Bridgewater, Connecticut

Bridgewater is a town in Litchfield County, Connecticut, United States. The population was 1,727 at the 2010 census,[2] down from 1,824 at the 2000 census.

Bridgewater, Connecticut

Town of Bridgewater
Official seal of Bridgewater, Connecticut
Location in Litchfield County, Connecticut
Location in Litchfield County, Connecticut
Coordinates: 41°31′33″N 73°21′39″W / 41.52583°N 73.36083°W / 41.52583; -73.36083Coordinates: 41°31′33″N 73°21′39″W / 41.52583°N 73.36083°W / 41.52583; -73.36083
Country United States
U.S. state Connecticut
RegionWestern CT
 • TypeSelectman-town meeting
 • First selectmanCurtis Read (D)
 • SelectmanAlan Brown (D)
 • SelectmanLeo Null (R)
 • Total17.31 sq mi (44.82 km2)
 • Land16.39 sq mi (42.46 km2)
 • Water0.91 sq mi (2.36 km2)
715 ft (218 m)
 • Total1,727
 • Density105/sq mi (40.7/km2)
Time zoneUTC−5 (Eastern)
 • Summer (DST)UTC−4 (Eastern)
ZIP code
Area code(s)860
FIPS code09-08210
GNIS feature ID0213397

Bridgewater is well known as being a weekend getaway for wealthy New Yorkers, due to its scenic wooded areas, location on the banks of Lake Lillinonah and close proximity to New York City.[3] Bridgewater was the only remaining dry town in Connecticut until voters approved the sale of alcohol in a 2014 referendum, by a 660-246 vote.[4][5]


Bridgewater is in southwestern Litchfield County and is bordered by Fairfield County to the south and New Haven County to the southeast. According to the United States Census Bureau, the town has a total area of 17.3 square miles (44.8 km2), of which 16.4 square miles (42.5 km2) are land and 0.93 square miles (2.4 km2), or 5.27%, are water.[2] Bridgewater is located on the northeast bank of the Housatonic River, on a section that is impounded to form Lake Lillinonah.Danbury is 13 miles (21 km) to the southwest, and Waterbury is 20 miles (32 km) to the east.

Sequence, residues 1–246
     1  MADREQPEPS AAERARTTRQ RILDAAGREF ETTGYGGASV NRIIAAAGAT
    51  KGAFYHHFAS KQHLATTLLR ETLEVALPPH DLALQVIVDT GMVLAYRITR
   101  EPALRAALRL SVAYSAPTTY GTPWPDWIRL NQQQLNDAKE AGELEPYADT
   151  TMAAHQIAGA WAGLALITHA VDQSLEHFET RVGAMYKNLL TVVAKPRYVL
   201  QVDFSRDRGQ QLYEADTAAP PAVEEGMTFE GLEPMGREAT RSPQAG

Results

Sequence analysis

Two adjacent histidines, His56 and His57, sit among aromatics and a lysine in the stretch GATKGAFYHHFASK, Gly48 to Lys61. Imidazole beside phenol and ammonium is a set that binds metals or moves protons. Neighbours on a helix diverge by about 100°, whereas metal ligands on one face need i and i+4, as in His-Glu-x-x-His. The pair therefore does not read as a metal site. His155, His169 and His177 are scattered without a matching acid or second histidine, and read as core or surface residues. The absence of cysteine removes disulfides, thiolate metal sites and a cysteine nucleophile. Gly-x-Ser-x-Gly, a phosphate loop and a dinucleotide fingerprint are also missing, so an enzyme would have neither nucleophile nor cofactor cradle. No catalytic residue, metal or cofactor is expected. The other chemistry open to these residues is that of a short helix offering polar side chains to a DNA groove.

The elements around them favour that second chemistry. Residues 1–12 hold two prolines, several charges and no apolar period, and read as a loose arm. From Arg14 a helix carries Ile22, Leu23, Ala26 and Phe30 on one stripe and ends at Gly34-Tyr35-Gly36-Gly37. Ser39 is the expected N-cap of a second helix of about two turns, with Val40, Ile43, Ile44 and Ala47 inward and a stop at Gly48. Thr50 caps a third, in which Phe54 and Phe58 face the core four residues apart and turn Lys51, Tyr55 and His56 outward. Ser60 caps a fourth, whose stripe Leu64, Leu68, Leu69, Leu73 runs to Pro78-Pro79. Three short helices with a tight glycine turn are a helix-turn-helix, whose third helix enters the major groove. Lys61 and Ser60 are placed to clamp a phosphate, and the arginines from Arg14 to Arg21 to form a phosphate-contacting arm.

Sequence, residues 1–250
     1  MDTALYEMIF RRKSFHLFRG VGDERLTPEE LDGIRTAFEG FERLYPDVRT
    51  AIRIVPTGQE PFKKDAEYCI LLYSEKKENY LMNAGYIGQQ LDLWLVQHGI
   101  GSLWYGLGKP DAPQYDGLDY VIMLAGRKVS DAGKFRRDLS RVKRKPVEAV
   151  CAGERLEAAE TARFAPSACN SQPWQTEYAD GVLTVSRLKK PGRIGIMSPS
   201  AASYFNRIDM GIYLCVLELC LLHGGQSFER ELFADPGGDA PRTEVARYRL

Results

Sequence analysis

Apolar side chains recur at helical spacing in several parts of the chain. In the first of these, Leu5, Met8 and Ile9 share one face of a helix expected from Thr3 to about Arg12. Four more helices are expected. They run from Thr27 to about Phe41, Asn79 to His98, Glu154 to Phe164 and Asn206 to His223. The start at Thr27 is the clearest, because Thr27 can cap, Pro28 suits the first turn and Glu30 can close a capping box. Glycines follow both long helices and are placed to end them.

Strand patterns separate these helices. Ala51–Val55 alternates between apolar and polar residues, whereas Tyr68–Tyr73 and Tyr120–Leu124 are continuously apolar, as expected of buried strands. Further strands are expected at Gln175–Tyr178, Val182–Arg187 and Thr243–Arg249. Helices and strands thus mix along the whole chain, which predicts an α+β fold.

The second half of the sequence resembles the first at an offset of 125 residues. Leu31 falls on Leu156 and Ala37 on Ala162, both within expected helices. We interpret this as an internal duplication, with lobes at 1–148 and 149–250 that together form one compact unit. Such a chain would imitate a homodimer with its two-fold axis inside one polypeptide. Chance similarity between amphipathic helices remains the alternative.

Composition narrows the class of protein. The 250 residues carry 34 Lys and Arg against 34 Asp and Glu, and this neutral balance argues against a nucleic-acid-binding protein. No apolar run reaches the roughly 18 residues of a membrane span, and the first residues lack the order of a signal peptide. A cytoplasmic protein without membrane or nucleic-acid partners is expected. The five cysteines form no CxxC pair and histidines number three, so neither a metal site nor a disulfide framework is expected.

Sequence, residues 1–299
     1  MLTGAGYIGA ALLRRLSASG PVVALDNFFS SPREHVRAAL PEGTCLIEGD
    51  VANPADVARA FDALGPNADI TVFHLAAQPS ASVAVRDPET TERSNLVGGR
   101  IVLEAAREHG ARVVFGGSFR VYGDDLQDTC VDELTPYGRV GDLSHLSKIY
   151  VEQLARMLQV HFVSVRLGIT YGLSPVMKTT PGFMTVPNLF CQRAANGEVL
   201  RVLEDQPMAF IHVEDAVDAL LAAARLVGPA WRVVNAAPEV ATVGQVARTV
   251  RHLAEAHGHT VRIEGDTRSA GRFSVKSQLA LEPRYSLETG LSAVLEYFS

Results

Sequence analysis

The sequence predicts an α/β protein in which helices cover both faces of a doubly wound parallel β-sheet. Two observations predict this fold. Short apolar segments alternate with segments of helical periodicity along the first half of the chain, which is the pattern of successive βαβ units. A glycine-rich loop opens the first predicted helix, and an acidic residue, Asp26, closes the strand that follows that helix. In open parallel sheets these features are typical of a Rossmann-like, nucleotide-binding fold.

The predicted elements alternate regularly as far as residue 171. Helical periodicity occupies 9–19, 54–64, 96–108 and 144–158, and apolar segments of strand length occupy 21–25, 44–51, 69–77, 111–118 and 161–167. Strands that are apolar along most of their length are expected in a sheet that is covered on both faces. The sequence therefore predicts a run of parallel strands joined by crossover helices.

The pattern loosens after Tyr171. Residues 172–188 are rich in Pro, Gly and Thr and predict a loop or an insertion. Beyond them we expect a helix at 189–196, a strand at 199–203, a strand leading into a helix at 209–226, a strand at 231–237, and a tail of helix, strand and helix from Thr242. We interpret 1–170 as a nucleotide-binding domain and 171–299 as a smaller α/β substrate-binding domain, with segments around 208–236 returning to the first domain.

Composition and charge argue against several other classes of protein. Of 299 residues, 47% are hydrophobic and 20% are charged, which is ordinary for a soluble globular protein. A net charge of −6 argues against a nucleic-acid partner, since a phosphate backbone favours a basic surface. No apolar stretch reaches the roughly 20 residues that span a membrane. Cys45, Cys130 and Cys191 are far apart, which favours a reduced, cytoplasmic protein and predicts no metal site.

Census Pop.
Est. 20141,675[6]−3.0%
U.S. Decennial Census[7]

As of the census[8] of 2000, there were 1,824 people, 703 households, and 525 families residing in the town. The population density was 112.4 people per square mile (43.4/km²). There were 779 housing units at an average density of 48.0 per square mile (18.5/km²). The racial makeup of the town was 97.53% White, 0.93% African American, 0.05% Native American, 0.71% Asian, 0.11% from other races, and 0.66% from two or more races. Hispanic or Latino of any race were 0.49% of the population.